Grignard Reactions and Mg

  • Thread starter Entropia
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  • #1
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Main Question or Discussion Point

Why are "Mg turnings" used in Grignard reactions instead of "regular" Mg?

What is so special about Mg turnings?
 

Answers and Replies

  • #2
Originally posted by Entropia
Why are "Mg turnings" used in Grignard reactions instead of "regular" Mg?

What is so special about Mg turnings?
Mg turnings are regular Mg. It's just chopped and scraped up into little bits. Why do you think little bits would be better then one big ingot of magnesium?
 
  • #3
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as it may inc surface area for more effective rxn
 
  • #4
Originally posted by himanshu121
as it may inc surface area for more effective rxn
Yup.

It can be experimentally hard to get the oxidative addition step of a grignard reaction to go. Cutting the Mg into smaller and smaller strips increases the surface are and can often speed this up. If this doesn't work, you can use Reicke Mg, which generates the elemental magnesium in situ, resulting in basically a very, very fine powder.
 
  • #5
Monique
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What is a Grignard reaction?
 
  • #6
Originally posted by Monique
What is a Grignard reaction?
You may remember it from your sophomore O. Chem. class. Basically, a magnesium inserts itself into a bond between an alkyl group and a halide, then adds to a carbonyl. So methyl bromide reacted with magnesium will react with acetaldehyde to produce isopropyl alcohol.
 
  • #7
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Elemental magnesium is very reactive and the surface oxidizes almost immediately in air. If you use the turnings then you can squash them a little bit in order to expose some of the interior metal which has not yet been oxidized. It's a nifty trick and works great!
 
  • #8
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Usually if the bottle of Mg turnings is old you'd have to activate it somehow, usually with dilute HCl and washing, but the exact method is tedious. I like to get a fresh bottle of Mg powder (200 mesh+) and try not to open it in air if I can help it, or keep the exposure to a minimum. Fresh, active powder beats big turnings any day.

edit: I see someone mention Riecke Mg. Making this is an extreme pain (reducing MgCl2 with potassium in THF), but it's as active as you can get, maybe too reactive even. Can you buy this stuff yet? Surely it would be extremely hazardous to ship.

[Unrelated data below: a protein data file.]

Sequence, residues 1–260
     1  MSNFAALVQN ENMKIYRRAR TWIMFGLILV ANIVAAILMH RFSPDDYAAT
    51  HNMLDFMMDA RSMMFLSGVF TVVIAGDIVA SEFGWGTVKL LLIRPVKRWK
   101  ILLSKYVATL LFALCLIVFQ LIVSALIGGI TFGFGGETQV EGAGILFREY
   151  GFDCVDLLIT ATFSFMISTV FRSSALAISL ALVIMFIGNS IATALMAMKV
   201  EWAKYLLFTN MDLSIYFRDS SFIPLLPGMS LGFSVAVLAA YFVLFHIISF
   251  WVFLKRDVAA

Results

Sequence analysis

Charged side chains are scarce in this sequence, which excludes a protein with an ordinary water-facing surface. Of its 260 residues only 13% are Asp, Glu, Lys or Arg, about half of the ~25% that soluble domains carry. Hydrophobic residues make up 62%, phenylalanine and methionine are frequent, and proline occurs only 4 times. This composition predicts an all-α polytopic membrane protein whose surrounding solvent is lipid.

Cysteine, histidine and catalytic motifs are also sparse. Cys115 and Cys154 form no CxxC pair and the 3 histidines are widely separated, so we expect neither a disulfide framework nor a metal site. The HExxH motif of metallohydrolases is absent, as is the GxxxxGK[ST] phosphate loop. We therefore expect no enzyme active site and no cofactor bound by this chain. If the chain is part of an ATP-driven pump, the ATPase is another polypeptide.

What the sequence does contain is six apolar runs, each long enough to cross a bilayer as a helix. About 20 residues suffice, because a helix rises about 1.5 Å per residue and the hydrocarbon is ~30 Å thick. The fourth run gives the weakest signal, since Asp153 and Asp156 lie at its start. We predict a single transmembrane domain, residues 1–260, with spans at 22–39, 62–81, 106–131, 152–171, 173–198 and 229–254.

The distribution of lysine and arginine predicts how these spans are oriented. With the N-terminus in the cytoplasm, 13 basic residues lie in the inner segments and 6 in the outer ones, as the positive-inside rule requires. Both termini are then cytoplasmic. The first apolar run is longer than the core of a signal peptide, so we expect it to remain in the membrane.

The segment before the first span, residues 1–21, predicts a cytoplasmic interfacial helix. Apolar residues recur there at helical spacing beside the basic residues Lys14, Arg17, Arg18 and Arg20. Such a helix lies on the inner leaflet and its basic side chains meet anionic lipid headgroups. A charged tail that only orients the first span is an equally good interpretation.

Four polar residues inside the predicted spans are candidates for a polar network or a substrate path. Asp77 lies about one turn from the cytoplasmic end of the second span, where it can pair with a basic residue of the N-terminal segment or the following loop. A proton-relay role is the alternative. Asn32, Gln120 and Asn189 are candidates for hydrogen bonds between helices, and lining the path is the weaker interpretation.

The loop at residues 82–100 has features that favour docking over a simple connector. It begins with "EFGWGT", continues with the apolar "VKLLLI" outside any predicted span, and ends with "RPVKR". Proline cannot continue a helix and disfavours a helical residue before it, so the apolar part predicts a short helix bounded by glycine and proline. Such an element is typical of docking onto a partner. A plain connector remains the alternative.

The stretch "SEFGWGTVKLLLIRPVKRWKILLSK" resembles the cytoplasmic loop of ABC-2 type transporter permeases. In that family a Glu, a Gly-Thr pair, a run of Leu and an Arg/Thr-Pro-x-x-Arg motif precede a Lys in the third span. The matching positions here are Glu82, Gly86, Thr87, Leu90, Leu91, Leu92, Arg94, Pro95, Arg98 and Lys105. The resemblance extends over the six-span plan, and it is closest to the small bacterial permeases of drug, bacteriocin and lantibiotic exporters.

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  • #9
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Sure the powder is better if you have access to a dry box to keep it in. A lot of labs don't have those though, and it's really not pratical for instructional labs.

Another trick is to add a few drops of 1,2-dibromoethane. The dibromoethane inserts much faster than most substrates and essentially digs pores into the Mg, thereby increasing the surface area of un-oxidized Mg. You can also try adding a couple of crystals of iodine to essentially do the same thing. The iodine trick has never worked for me, but the 1,2-dibromoethane works very well and has never failed me.

You really just need to get the oxidative insertion started, then it tends to propagate on its own because the reaction continually exposes more Mg metal.
 
  • #10
shrumeo said:
edit: I see someone mention Riecke Mg. Making this is an extreme pain (reducing MgCl2 with potassium in THF), but it's as active as you can get, maybe too reactive even. Can you buy this stuff yet? Surely it would be extremely hazardous to ship.
Actually, I think you can buy it now. Not that I'd trust it, I'd just make my own if other ways of activating Mg wouldn't work. Usually stirring the turings under argon overnight works fine. If not that, then 1,2-dibromoethane usually does the trick.
 
  • #11
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movies said:
Elemental magnesium is very reactive and the surface oxidizes almost immediately in air. If you use the turnings then you can squash them a little bit in order to expose some of the interior metal which has not yet been oxidized. It's a nifty trick and works great!
this is the kind of answer i was looking for. what i meant by 'regular mg' was elemental mg.

-thanks!
 
  • #12
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So ... what is Riecke Mg?
 
  • #13
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Rieke Mg (along with Riecke Zn, Al, and other metals) is simply a nanosized powder with huge surface area and virtually no oxide (it's named after Rueben Rieke)

you start with a halide salt of your metal suspended in dry THF (or glyme or diglyme) under Argon

then you gradually add potassium or lithium metal (sometimes with some napthalene or anthracene as a charge transfer agent to make it a little less vigorous) to reduce your metal and leave potassium or lithium halide

you are left with a suspension of your metal in dry THF along with the alkaline halide

usually the K or Li halide is quite insoluble in the organic solvent and inert to whatever organic reaction you are doing (like a grignard) so it's usually just left in to be washed away later

Here is one of his webpages http://www.unl.edu/cmra/faculty/rieke.html [Broken]
 
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